Working together as a Mother/Daughter team can be super difficult. If you have followed our podcast, you’ve heard some of our dramas. So when you saw that we are “splitting up”, you might make up the story it’s due to mother-daughter conflict. However, we have a better reason.
Jen has started her own business.
She is working with the loved ones of people caught in addiction. What Jen realized after talking to and working with hundreds of addicts and their families is the parents need ongoing support too. And they aren’t getting it.
Jen has a hard-earned way of working with the parents who discover their child is an addict. I was once that very parent and the night Jen announced that she was hooked on drugs and had no idea what to do, neither did I.
What I needed was guidance and someone to help me navigate where I could help – and where I could not.
All I wanted to do was make it better and every single motherly instinct I had only pushed her further into the depths of the addiction.
To make matters worse, my friends and family had an opinion on what I should do. In some ways, the worst pressure I felt came from people two or three steps removed. Our plight was not something I shared widely, but when I did, the advice ranged from completely cut her off to go get her and bring her home. Like I really want to have a drug addict in my house!
What I did NOT have (at least at first) was someone with the wisdom to give me options and help me get through the fear, guilt and anger that paralyzed me or made me want to something – anything – to make this go away.
What everyone seemed to forget was this: Jen was an adult. My control freak tendencies were not going to get us very far.
What I needed was a set of leadership and influence skills that far surpassed my abilities under the pressure of this kind of life or death situation.
While I was able to get coaching during this time, it took a conversation with an addict to break me through the confusion and pretense that everything would be ok. Little did I know how much more I would have to get real and deal with my own patterns and “stuff” in order to truly help my daughter.
Many of my clients have found themselves in the same boat as me. For years, I’ve sent them to Jen because I felt she was much better equipped than me to help them navigate the realities of addiction. They all report back that the conversations with Jen were a deal-changer. After all, who knows better how to understand an addict than a fellow addict? She has been clean 12 years and has become a stellar coach in that time. I marvel at her ability to bring her deep experience and insight to those facing addiction with their adult children.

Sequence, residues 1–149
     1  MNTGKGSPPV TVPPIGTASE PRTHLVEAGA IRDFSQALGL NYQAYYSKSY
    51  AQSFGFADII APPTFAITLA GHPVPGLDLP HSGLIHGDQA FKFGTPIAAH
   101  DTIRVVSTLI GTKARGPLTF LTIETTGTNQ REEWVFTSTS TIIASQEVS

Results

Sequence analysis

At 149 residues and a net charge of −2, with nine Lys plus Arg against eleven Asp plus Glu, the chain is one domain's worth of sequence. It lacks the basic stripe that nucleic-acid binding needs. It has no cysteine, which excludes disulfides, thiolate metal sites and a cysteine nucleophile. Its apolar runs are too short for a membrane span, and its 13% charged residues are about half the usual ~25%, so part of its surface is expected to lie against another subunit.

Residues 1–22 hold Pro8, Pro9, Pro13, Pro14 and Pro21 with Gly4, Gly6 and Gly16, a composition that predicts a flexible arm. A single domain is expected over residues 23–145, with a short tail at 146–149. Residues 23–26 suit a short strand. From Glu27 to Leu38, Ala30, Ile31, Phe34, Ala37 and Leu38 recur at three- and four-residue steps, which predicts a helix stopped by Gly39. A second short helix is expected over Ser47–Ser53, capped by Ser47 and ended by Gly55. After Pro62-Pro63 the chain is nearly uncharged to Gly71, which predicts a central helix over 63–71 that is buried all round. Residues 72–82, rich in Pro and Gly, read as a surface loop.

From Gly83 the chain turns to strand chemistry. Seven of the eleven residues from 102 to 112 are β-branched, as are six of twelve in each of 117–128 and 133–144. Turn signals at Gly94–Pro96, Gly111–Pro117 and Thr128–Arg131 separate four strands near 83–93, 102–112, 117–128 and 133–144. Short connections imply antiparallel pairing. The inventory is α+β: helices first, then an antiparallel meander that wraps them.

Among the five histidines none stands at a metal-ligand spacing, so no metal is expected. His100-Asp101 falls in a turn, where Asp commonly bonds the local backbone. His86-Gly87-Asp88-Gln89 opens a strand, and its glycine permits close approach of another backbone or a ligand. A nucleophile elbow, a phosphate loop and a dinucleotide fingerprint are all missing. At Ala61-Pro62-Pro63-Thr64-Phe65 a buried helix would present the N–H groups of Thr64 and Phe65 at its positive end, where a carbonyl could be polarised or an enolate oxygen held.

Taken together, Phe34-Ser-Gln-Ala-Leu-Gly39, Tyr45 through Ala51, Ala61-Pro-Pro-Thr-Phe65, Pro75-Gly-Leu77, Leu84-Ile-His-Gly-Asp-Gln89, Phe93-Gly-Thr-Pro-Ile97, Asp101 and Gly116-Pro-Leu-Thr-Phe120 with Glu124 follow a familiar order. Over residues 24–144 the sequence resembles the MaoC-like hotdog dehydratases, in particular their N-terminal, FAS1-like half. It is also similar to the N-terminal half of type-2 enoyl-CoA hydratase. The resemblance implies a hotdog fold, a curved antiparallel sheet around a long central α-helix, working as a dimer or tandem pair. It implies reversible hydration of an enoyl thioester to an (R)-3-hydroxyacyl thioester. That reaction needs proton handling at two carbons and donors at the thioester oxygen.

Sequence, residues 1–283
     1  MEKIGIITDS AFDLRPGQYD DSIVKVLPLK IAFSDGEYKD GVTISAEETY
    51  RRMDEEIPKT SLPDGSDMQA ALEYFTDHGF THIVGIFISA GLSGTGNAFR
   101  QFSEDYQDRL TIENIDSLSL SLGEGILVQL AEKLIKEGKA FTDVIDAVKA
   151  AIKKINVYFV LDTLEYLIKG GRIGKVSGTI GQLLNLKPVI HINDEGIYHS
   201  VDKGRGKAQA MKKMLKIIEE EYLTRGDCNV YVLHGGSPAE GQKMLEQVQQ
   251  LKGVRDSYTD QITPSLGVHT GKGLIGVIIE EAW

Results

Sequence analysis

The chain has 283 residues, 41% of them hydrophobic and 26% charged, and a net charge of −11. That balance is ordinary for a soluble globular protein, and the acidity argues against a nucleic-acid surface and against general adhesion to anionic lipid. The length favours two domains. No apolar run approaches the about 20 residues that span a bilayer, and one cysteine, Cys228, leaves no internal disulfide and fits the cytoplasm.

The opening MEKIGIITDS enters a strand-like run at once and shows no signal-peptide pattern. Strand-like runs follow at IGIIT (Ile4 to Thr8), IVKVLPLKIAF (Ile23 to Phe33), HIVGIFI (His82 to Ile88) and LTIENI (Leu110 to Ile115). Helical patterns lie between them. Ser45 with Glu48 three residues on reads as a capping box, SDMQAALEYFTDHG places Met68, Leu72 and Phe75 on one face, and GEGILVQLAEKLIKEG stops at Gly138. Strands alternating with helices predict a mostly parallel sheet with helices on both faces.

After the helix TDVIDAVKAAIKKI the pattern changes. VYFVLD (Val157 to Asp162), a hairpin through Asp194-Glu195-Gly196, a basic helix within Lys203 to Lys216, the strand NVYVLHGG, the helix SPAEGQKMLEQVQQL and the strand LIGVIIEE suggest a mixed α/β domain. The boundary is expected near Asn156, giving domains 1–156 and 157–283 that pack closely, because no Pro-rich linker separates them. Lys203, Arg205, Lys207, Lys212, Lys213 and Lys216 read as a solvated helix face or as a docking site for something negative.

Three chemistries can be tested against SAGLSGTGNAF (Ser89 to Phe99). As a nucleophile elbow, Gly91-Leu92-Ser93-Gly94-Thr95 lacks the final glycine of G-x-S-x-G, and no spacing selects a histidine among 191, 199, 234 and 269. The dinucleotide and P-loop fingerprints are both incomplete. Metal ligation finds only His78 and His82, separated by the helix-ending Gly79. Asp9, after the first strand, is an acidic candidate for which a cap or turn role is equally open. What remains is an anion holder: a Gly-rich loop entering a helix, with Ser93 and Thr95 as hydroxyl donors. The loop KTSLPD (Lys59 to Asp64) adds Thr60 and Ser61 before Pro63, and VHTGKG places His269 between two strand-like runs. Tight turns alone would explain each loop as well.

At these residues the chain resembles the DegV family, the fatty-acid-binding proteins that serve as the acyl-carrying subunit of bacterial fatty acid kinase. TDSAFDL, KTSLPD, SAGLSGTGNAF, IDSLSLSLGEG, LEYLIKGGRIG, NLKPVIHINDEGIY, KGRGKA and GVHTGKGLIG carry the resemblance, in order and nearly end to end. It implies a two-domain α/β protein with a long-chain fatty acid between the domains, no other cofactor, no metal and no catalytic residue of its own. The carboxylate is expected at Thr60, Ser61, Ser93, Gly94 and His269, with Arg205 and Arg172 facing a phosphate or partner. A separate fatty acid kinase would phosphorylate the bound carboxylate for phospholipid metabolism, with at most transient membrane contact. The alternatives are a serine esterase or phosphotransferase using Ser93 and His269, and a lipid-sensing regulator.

However, it takes more than a phone call or two to navigate a problem that took years to develop.
Jen herself did extremely deep work (still does) and she recognizes that addiction is not the end. It’s a signal that something very important needs to be addressed. It’s an opportunity for everyone in the family to grow.
That’s why Jen has created a website and a program just for parents who have no idea how to help their adult children or themselves when drugs consume their family. She also works one on one with mothers and fathers to help them build the strength and skills to deal with their own patterns so that they can set the conditions for their child to face their addiction and get on the path to recovery.
So here’s my question for you: How many people came to mind when you read this? Who do you know that could use someone to tell them what is really happening with their drug-addicted child?
Instead of just closing this page, I ask you to forward this to them first. They can schedule their first call with her with the click of a button.
You may be asking what am I going to do without having Jen in my company. I will miss our day to day interactions immensely. However, when she shared her decision to start this business with me, I deeply knew it was the way she is meant to serve in the world. Whether from the angle of mom or boss, my best service to the world is to joyfully let her go do her thing.